Xinhua, June 13, 2011
Mines, explosive devices disable some 2,000 Afghans annually
Millions of mines have been planted by various warring sides
By Farid Behbud, Zhang Jianhua
The war-torn Afghanistan is one of the most mine contaminated country in the globe as an estimated of 2,000 Afghans become disabled each year due to mine blasts and related incidents in the country.
"The mine explosion not only severed my legs but also destroyed my life years ago," said Afghan landmine victim Faizullah, 45, who lost both of his legs in a mine blast in Kabul province.
KABUL, AFGHANISTAN - FEBRUARY 21: Mine victim Mohammed Agha, 15, blinded in one eye with leg injuries and the loss of his right hand while playing with an unexploded ordinance with his younger brother, sits in the children's ward of the Emergency-Surgical Center for War Victims hospital February 21, 2003 in Kabul, Afghanistan. Many Afghan children remain uneducated about the different types of mines and pick them up thinking they are harmless. After two decades of war, Afghanistan is littered with unexploded ordinance (UXO) that will take years to clean up. (Photo: Life)
"I am the head of a 11-member family and my children want me to feed them and support them properly but it is a daunting challenge for a disabled person to fulfill their desire," Faizullah told Xinhua on June 7 while walking with his prosthetic legs at the compound of Orthopedic and Rehabilitation centre of International Committee of Red Cross (ICRC) in Afghan capital Kabul.
Afghanistan is a conflict-ridden country. Millions of mines have been planted by various warring sides and groups over the past three decades and possibly millions of unexploded ordnances and bobby traps have been left over the past 30 years.
"The hidden enemies -- land mines, booby traps and other explosive ordnance have been left over the past decades. They often target the innocent non-combatants including women and children, and may kill or make them lifetime crippled," the mine victim Faizullah said.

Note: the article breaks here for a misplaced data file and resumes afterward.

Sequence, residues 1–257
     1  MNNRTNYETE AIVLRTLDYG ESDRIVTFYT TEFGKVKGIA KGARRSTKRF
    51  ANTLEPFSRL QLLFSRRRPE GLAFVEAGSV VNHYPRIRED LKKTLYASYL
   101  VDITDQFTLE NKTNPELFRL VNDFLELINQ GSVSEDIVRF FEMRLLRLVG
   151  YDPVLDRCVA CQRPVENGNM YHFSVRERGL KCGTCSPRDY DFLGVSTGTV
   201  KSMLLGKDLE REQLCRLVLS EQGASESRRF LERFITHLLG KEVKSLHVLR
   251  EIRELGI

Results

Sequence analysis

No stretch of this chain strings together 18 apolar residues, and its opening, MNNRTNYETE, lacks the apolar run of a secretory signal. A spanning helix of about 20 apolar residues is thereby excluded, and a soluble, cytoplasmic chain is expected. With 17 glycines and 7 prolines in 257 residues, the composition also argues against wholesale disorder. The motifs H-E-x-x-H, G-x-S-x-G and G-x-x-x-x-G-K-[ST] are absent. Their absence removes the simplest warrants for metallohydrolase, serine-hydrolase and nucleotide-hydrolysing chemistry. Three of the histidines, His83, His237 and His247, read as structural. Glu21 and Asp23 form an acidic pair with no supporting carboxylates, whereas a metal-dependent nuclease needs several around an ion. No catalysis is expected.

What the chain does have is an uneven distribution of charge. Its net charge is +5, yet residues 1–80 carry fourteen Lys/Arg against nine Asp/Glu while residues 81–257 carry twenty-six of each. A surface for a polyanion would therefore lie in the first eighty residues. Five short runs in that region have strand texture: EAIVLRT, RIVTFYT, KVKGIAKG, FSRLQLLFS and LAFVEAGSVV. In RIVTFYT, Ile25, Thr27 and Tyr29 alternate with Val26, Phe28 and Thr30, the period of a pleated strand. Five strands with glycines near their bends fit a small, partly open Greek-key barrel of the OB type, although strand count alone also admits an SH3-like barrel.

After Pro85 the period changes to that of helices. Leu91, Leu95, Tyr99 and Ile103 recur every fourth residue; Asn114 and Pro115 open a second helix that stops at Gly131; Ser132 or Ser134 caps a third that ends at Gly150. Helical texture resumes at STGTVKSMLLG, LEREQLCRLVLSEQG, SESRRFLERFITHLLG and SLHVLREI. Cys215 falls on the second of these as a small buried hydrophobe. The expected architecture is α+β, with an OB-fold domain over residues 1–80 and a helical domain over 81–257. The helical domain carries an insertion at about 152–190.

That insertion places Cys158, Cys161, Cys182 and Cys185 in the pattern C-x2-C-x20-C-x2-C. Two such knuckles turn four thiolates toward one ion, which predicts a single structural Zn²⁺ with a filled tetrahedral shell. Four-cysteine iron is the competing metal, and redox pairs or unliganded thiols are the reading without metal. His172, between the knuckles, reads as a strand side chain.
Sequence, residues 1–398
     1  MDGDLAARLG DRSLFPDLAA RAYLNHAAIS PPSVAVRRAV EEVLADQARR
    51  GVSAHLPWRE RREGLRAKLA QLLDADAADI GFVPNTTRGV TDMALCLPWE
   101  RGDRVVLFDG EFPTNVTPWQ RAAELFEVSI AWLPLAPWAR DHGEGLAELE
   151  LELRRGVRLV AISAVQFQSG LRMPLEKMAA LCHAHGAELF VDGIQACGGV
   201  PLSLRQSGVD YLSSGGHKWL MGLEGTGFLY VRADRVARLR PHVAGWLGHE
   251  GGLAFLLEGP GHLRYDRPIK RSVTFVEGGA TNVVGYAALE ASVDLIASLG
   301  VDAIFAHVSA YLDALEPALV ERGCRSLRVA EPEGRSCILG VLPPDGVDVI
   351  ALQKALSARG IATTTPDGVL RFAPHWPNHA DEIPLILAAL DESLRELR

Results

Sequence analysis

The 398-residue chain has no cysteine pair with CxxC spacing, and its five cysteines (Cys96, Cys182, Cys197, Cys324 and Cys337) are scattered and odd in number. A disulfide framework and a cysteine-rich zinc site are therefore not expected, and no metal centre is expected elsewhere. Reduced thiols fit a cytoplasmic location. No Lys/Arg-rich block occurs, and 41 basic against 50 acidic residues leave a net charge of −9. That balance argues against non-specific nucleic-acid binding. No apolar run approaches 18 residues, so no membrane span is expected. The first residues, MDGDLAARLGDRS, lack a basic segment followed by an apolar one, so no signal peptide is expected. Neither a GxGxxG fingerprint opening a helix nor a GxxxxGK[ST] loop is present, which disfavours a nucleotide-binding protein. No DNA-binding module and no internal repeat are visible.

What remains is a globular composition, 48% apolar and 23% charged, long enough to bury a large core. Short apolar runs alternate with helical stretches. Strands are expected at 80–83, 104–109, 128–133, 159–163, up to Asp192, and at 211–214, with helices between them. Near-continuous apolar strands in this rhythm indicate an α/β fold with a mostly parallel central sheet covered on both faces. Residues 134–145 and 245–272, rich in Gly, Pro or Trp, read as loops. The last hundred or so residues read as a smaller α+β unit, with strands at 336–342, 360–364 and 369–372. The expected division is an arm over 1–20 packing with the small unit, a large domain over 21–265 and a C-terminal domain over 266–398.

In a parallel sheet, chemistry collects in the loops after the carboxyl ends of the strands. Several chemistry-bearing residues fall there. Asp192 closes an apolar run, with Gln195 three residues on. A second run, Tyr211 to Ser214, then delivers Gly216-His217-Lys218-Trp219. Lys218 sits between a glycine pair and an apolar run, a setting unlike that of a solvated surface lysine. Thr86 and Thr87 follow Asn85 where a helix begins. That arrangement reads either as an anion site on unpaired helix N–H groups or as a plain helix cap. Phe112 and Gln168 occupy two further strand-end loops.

International Committee of Red Cross (ICRC) as the main agency supporting mine victims in Afghanistan has been providing prosthetic legs and hands to the disabled people.
"An estimated of 2,000 Afghans become disabled every year who lose their legs or hands in mine or other explosive devices in Afghanistan," Najmuddin Helal, head of Orthopedic and Rehabilitation department of ICRC, Kabul office told Xinhua.
To help the mines' victims, Helal said ICRC has set up seven orthopedic centers across the country.
He said the orthopedic centers are operational in the capital city Kabul and six other cities that include Mazar-e- Sharif, Herat, Jalalabad, Faizabad, Gulbahar and Lashkar Gah, the provincial capital of Taliban hotbed the southern Helmand province.
All the seven centers have been producing artificial hands and legs, as well as physiotherapy service to mine victims, he said.
To ease the ordeal of the mine victims and provide job opportunities to them, majority of the employees of orthopedic centers are crippled persons.
"Nearly 90 percent of the staff in orthopedic centers is disabled people," Helal said.
"The fact that staff at the orthopedic centers are disabled themselves can have positive impact on the patients, especially the new victims of mines who are generally depressed when they first come for treatment in the centers," Helal said.
"I was playing in front of my house eight month ago in Tagab district, Kapisa province when a mortar fired by warring sides exploded very close to me and caused me to lose one leg," Ejazul Haq, 12, told Xinhua at the orthopedic center in Kabul.
"I really hate mines, war and explosions because they have prevented me from going to school and deprived me of education," the child said helplessly.
According to Helal, some 50,000 out of around 100,000 disabled people in the war-torn Afghanistan are victims of mines.
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